“There’ll always be these kinds of red herring issues,” Richardson said. “For one minute it was over-policing, now we’re hearing the issue is that Black men are going to be upset because they’re not going to have their menthol cigarettes. So, there’s always a way for the industry to distort the facts, and there’s always a way for them to kick up sand in the gears.”
A potential ban on menthol cigarettes has been discussed across multiple administrations for more than a decade. Even though the Food and Drug Administration (FDA) finally proposed one in 2022, the target date for the final rule has been slipping for months.
The rule was initially slated for August release but then wasn’t sent to the White House for final regulatory review until October, with the aim of releasing it by the end of the year. Now it’ll be March — if the rule is released at all.
“It’s hard to be surprised by another delay. But I certainly was surprised that here the delay was following so close on the heels of tobacco industry and industry-funded groups meeting with OMB [the White House Office of Management and Budget],” said Micah Berman, a professor at Ohio State University’s College of Public Health.
“And then having the delay announced right after that — the fact that they still apparently have that much direct influence in 2023 is a bit shocking.”
Opponents of the ban have argued it will expand an illicit, unregulated marketplace of menthol cigarettes and will lead to more over-policing in communities of color, similar to the war on drugs campaign of the 1980s and 1990s.
Sharpton’s National Action Network has been among the most vocal in arguing about the consequences of a ban on Black communities, often invoking the name of Eric Garner, who was killed by police in 2014 after being confronted for selling loose cigarettes.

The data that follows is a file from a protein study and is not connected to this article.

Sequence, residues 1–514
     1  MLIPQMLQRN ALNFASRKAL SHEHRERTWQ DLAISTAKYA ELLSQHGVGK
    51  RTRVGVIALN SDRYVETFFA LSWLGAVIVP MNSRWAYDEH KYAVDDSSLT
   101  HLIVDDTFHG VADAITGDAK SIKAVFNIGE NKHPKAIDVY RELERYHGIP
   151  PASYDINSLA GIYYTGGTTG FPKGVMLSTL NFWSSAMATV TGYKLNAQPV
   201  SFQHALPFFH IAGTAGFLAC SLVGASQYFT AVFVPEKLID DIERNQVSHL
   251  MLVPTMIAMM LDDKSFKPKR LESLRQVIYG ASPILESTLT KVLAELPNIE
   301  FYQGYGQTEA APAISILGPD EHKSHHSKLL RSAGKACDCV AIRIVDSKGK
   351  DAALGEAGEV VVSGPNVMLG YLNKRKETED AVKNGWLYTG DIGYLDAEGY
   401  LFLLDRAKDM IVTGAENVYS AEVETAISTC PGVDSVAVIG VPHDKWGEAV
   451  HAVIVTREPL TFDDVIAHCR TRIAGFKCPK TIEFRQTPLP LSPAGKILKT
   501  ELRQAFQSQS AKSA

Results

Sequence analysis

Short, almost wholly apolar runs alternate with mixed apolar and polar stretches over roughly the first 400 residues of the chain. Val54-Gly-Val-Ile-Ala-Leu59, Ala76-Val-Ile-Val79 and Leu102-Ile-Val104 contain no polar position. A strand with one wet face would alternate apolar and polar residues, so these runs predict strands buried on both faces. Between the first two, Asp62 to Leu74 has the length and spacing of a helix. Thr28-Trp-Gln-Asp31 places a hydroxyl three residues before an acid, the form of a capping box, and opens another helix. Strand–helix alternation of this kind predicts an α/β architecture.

NAN has opposed menthol bans across the country, holding town halls at prominent Black churches to talk about how menthol bans criminalize the Black community.
“The National Action Network has followed the lead of Gwen Carr, the mother of Eric Garner, who was killed by police during a cigarette enforcement stop. She, Attorney Ben Crump, and others have raised concerns that this ban will lead to the unintended consequences for Black people selling loose cigarettes,” Ebonie Riley, senior vice president of the National Action Network, said in a statement to The Hill.
Riley was among the individuals, including former lawmakers, who met with administration officials in late November to push against the ban.
Public health advocates have pointed to the longstanding ties Sharpton has with RJ Reynolds, the manufacturer of Newport menthol cigarettes.
Sharpton, who publicly fought against New York City’s menthol ban in 2019, told the New York Times that Reynolds had made contributions to his group for two decades, and he did not dispute that the company regularly bought tables for as much as $15,000 at its events.